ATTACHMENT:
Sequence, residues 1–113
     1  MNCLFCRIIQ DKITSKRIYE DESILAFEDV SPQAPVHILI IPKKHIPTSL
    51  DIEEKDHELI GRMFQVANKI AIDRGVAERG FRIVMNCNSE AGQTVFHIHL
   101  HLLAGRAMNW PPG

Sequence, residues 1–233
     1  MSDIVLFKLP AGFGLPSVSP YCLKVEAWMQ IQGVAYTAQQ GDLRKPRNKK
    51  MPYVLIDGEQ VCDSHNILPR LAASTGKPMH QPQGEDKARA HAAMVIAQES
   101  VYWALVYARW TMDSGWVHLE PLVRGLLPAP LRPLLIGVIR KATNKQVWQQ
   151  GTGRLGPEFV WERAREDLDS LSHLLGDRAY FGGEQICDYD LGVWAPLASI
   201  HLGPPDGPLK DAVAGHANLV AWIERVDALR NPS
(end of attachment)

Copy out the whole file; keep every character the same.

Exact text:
Sequence, residues 1–113
     1  MNCLFCRIIQ DKITSKRIYE DESILAFEDV SPQAPVHILI IPKKHIPTSL
    51  DIEEKDHELI GRMFQVANKI AIDRGVAERG FRIVMNCNSE AGQTVFHIHL
   101  HLLAGRAMNW PPG

Sequence, residues 1–233
     1  MSDIVLFKLP AGFGLPSVSP YCLKVEAWMQ IQGVAYTAQQ GDLRKPRNKK
    51  MPYVLIDGEQ VCDSHNILPR LAASTGKPMH QPQGEDKARA HAAMVIAQES
   101  VYWALVYARW TMDSGWVHLE PLVRGLLPAP LRPLLIGVIR KATNKQVWQQ
   151  GTGRLGPEFV WERAREDLDS LSHLLGDRAY FGGEQICDYD LGVWAPLASI
   201  HLGPPDGPLK DAVAGHANLV AWIERVDALR NPS